Intelligibility predictors tell us a great deal about human speech perception, in particular which acoustic factors strongly effect human behavior, and which do not. A particular intelligibility predictor, the Articulation Index (AI), is interesting because it models human behavior in noise, and its form has implications about representation of speech in the brain. Specifically, the Articulation Index implies that a listener pre-consciously estimates the masking noise distribution and uses it to classify time/frequency samples as speech or non-speech. We classify consonants using representations of speech and noise which are consistent with this hypothesis, and determine whether their error rate and error patterns are more or less consistent with human behavior than representations typical of automatic speech recognition systems. The new representations resulted in error patterns more similar to humans in cases where the testing and training data sets do not have the same masking noise spectrum.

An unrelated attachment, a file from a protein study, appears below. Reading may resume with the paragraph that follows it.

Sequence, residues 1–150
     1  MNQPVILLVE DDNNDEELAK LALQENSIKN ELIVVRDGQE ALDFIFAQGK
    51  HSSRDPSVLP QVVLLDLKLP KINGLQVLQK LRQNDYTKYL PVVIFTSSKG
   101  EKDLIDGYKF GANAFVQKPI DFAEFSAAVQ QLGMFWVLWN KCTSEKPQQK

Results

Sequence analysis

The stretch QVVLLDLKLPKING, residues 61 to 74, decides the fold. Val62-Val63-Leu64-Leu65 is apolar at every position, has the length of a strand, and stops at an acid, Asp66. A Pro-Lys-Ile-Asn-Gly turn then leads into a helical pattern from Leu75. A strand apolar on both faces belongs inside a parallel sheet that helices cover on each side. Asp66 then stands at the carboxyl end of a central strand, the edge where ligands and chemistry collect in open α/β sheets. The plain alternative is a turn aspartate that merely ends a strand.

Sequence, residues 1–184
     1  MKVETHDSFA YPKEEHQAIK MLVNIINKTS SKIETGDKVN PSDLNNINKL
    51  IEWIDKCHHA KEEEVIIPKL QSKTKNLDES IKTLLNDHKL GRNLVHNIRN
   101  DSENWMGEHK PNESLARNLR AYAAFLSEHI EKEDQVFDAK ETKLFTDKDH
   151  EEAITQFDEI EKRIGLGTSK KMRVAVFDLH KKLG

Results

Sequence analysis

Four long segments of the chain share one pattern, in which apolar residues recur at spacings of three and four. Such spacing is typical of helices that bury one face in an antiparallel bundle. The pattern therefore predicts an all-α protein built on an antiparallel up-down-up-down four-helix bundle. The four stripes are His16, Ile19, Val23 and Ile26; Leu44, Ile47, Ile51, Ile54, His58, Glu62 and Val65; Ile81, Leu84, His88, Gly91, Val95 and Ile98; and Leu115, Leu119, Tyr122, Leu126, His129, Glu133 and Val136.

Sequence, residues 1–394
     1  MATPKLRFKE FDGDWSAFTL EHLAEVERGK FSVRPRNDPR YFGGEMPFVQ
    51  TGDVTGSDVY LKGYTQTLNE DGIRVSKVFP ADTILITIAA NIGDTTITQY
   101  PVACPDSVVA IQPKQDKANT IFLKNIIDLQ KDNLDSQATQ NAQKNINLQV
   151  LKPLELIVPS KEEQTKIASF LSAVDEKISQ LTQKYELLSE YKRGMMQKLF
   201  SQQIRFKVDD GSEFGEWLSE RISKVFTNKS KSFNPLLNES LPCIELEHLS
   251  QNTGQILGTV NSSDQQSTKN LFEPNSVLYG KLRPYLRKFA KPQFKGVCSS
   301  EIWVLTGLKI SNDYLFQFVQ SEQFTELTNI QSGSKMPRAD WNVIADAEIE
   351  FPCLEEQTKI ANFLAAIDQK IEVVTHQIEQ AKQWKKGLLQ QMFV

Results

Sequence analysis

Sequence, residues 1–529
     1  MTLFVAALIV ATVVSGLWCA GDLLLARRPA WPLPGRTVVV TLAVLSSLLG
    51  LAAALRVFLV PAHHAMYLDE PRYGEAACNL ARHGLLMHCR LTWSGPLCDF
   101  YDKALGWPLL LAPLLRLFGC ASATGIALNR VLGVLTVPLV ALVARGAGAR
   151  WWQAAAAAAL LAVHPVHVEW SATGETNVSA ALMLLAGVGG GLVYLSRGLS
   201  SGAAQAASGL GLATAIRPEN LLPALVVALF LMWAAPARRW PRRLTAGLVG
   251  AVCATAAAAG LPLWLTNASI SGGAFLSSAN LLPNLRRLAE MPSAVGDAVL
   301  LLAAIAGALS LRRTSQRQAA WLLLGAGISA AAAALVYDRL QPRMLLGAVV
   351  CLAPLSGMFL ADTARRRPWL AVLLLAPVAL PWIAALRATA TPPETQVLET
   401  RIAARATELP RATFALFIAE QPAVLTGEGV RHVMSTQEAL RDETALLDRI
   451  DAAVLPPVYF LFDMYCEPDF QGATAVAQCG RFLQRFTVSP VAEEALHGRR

Original languageEnglish (US)
Pages (from-to)185-194
Number of pages10
JournalSpeech Communication
Issue number2
StatePublished - Feb 2011


  • Articulation Index
  • Speech perception
  • Speech recognition
  • Speech representation

ASJC Scopus subject areas

  • Software
  • Modeling and Simulation
  • Communication
  • Language and Linguistics
  • Linguistics and Language
  • Computer Vision and Pattern Recognition
  • Computer Science Applications


Dive into the research topics of 'Intelligibility predictors and neural representation of speech'. Together they form a unique fingerprint.

Cite this